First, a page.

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Formal exercise is a modern-day activity, invented to meet the clinical needs of a body void of all-day movement and deficient in proper nutrition. It’s an activity employed for the prevention (or treatment) of metabolic disorders, heart diseases, and fattening or premature degradation of the human body.
But if fitness professionals and healthcare practitioners continue to lobby for formal exercise to be at the top of everyone’s priority list, then it will only marginalize the fundamental genetic need for regular all-day movement and proper nutrition — two things far more important to good health and normal body weight.
The ceaseless promotion of formal exercise and the declaration of its urgency can often impose guilt upon those too busy to schedule an exercise routine that typically requires an hour or more out of an already packed day full of obligations and obstacles. Stressing the importance of formal exercise can simply stress many of us, or induce the feeling of failure. It’s like telling a mother she needs to put exercise above the care of her baby, her children, or the well-being of her family. She, a devoted mother, will only feel bad about herself when she misses the workouts. It’s an unfair message full of presumptuousness and insularity.
We ought to reconsider what encourages health and what induces, maintains, or regains fitness, rather than preach a potentially unrealistic practice for a large number of people at certain times of their lives, or indefinitely. Not everyone, for one reason or another, has access to a gym or a formal exercise routine.
General fitness can sometimes just be frequent movement that includes walking, picking up things, cleaning the house, carrying groceries, lifting the baby, taking the stairs, getting down on the ground, standing up from the ground… you know, active living.General fitness may even include a quick run or sprint around the block when you have five or 10 free minutes. Maybe get off the computer and knock out 10 pushups, or 20. This takes a minute. Do it throughout the day. Sometimes general fitness does not have to be a drive to the gym for a one-hour workout on a motorized treadmill and fix-cam machines, or “burn” your muscles with chrome dumbbells and rusty barbells, utilizing a 3-day split routine. Just get moving — frequently — throughout your day. And when you have the time, then go to the gym to get your fix on, or swim laps in the pool; but don’t get into the mindset that if you can’t do formal workouts, then you’re losing out on general fitness. The gym is where your body is… just move.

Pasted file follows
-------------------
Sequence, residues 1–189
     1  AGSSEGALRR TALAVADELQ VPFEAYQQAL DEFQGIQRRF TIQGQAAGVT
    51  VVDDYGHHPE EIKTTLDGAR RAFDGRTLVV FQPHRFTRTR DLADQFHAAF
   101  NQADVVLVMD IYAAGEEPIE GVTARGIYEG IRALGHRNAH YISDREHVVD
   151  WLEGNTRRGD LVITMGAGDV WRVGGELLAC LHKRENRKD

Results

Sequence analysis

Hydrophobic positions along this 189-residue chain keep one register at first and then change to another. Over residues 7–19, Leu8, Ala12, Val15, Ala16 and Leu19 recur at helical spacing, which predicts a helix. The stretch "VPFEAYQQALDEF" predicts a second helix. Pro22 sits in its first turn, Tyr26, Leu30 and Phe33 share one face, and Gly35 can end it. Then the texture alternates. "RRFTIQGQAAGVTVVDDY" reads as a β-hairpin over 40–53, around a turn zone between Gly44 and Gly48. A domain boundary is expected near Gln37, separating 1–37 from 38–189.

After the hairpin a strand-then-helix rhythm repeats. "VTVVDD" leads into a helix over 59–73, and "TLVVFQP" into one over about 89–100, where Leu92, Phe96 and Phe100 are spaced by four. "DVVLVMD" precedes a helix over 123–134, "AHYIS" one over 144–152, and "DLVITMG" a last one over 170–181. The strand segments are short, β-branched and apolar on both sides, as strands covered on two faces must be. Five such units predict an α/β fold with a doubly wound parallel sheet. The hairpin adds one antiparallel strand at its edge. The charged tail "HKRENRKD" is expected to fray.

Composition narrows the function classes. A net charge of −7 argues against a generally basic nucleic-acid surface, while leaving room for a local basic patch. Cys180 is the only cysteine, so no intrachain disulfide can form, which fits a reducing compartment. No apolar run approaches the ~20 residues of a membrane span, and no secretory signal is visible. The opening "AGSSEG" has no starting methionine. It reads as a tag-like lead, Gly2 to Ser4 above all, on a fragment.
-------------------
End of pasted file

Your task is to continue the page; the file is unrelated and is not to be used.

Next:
Health is eating well, eating just enough without eating too much. Health is eating nutritious foods without excess calories. Stick with wholesome foods that have been nourishing our bodies for hundreds of thousands of years, like vegetables and fruits and natural meats. Avoid carbohydrates that are made from grains, which have been around for only 10,000 years — hardly enough time for genetic adaptation. This dietary habit encourages hormonal and metabolic health, which results in an aesthetically favorable body composition.
General health and fitness is not necessarily what you do in the gym or how much time you spend doing formal exercise. It’s what you do during your waking hours and how you eat. And health is also keeping stress manageable in your life, and you can start by removing the urgency of formal exercise.